Just for a moment, take yourself back to one of those Friday nights, when someone couldn’t be bothered cooking and there was nothing on TV. You’d head down to the video shop, where part of the fun were the hours it took just to decide on one title (and with the prices as they were, who could blame you?). You’d grab some popcorn because you’ve been conditioned as a corny traditionalist. You’d hit up the supermarket for a bucket of exotic ice cream (which for some meant a Viennetta). And then you’d head home via the nearest fast food joint and ring in the weekend with the biggest Hollywood stars of the day.

That’s right, you didn’t ask for much out of life.

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On the back wall, however, an urban Rembrandt tells another story…

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..one of community, harmony, and happy weekends full of leftover Viennetta, when you got it the first time or got it free.

Burgermaster/nothing – Canterbury, NSW

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A burger…master. Mayor McCheese, I presume?

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As we’ve discussed many times before, milk bars are dinosaurs: fondly remembered, but when they turn up in the wild they’re completely fossilised. Is Canterbury Road, Canterbury’s Burgermaster any different?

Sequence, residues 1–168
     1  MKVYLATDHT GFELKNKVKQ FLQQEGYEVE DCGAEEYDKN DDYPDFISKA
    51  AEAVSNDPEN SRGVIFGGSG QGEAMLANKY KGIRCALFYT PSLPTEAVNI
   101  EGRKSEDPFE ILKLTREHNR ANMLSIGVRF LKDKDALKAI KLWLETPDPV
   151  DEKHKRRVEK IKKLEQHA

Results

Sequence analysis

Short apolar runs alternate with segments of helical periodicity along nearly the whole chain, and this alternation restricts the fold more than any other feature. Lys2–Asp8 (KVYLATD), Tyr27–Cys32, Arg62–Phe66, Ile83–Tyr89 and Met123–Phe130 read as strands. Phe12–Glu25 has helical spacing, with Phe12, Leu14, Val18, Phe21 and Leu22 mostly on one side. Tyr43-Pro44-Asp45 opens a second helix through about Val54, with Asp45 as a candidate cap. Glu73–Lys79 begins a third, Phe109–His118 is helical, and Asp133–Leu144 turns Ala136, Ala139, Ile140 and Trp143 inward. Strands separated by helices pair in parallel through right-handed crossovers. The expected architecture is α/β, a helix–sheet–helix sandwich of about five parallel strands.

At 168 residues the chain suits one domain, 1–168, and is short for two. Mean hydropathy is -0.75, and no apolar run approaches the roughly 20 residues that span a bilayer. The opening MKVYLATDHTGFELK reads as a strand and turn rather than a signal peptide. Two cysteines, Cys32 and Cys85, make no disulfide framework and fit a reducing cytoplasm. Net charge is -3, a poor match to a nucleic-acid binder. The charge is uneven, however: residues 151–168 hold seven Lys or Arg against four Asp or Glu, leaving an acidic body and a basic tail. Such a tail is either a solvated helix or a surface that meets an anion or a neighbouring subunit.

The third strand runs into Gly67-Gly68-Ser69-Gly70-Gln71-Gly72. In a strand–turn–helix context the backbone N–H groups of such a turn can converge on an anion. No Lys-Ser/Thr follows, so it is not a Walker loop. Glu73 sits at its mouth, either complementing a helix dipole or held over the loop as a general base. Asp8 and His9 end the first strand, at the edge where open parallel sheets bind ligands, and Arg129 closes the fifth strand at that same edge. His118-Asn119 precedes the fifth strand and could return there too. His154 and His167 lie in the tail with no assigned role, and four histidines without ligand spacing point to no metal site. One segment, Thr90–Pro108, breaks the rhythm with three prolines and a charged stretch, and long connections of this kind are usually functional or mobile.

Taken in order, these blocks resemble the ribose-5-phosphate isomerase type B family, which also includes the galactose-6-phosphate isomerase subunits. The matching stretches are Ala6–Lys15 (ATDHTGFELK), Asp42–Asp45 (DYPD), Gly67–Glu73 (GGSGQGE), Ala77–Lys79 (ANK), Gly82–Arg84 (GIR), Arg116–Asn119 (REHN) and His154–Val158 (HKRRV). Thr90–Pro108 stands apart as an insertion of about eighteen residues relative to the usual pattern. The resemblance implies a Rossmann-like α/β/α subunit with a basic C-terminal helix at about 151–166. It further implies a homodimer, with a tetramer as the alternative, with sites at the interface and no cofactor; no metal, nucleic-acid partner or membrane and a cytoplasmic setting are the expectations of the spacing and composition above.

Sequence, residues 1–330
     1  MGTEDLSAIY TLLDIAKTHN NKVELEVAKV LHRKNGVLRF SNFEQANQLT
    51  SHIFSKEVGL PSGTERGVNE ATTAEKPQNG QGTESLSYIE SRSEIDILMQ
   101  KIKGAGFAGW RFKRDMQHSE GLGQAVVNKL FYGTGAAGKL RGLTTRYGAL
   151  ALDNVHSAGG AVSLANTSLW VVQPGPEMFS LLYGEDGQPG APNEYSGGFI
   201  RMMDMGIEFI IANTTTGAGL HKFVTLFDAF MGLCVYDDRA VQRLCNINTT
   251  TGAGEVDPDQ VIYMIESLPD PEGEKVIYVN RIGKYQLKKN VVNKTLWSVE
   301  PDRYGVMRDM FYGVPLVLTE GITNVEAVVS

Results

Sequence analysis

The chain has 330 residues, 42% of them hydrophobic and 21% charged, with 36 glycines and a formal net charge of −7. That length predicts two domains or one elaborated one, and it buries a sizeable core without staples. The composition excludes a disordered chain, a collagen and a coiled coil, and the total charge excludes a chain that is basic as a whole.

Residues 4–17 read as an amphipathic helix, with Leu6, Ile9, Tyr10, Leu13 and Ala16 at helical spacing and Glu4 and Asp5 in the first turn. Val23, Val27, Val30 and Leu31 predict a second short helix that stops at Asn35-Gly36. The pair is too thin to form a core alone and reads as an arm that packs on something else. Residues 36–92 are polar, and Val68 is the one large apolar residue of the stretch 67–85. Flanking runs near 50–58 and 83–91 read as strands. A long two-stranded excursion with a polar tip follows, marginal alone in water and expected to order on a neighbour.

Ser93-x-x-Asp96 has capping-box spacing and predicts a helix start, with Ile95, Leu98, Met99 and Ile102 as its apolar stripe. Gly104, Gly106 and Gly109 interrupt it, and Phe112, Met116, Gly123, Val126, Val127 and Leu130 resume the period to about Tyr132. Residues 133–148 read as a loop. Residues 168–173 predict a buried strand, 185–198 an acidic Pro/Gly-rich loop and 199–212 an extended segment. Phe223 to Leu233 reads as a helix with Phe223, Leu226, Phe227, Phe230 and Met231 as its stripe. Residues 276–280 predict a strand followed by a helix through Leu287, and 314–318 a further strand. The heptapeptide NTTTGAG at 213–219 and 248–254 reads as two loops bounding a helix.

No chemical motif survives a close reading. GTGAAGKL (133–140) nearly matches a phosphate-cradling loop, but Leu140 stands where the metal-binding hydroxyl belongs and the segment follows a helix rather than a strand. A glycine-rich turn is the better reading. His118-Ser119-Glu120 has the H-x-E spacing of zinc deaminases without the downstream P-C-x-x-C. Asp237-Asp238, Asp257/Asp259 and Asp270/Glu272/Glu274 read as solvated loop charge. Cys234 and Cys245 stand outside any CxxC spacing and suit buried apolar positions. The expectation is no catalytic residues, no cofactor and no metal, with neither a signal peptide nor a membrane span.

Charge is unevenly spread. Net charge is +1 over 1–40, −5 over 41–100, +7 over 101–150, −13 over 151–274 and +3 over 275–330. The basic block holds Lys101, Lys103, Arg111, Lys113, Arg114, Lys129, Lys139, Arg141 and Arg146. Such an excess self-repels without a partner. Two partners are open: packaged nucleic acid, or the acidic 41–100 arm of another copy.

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No. A look inside shows the sad, decrepit remains of what was once a kitchen where dreams were made and hunger was satisfied. And it’s actively rotting. Take a look at the same view just five years ago.

But what’s most interesting about this place, particularly from a visual standpoint, are the cigarette ads plastered all over the shopfront. They built these things to last:

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As a product, Borkum Riff first appeared in the 60s, and judging by the depiction of the guy here, so did this ad.

In 1992, the Tobacco Advertising Prohibition Act came into effect in Australia, by which point cigarette advertising on TV, radio and local print media had already been banned. By 1995, familiar phrases like “Fresh is Alpine”, “You’re laughing!” and the ubiquitous “…anyhow, have a Winfield” had been completely erased from the cultural landscape, and nobody ever smoked again.

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Perhaps aware that the end was nigh, these tobacco companies invested in some heavy duty glue for their final bombardment.

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In the case of Port Royal, a heavy duty moustache was also necessary to seal the deal. Doubtless this heroic mo has inspired thousands to roll their own in the years since.

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…anyhow, the thought of the combined taste of burgers, milkshakes and Winnie greens is absolutely doing it for me, and since we won’t be getting any here, it’s time to head off. There’s gotta be something open along here somewhere…

Crescent Theatre/Fair City Discount Furniture – Fairfield, NSW

First off, let’s get the past out of the way. Or one of them, anyway.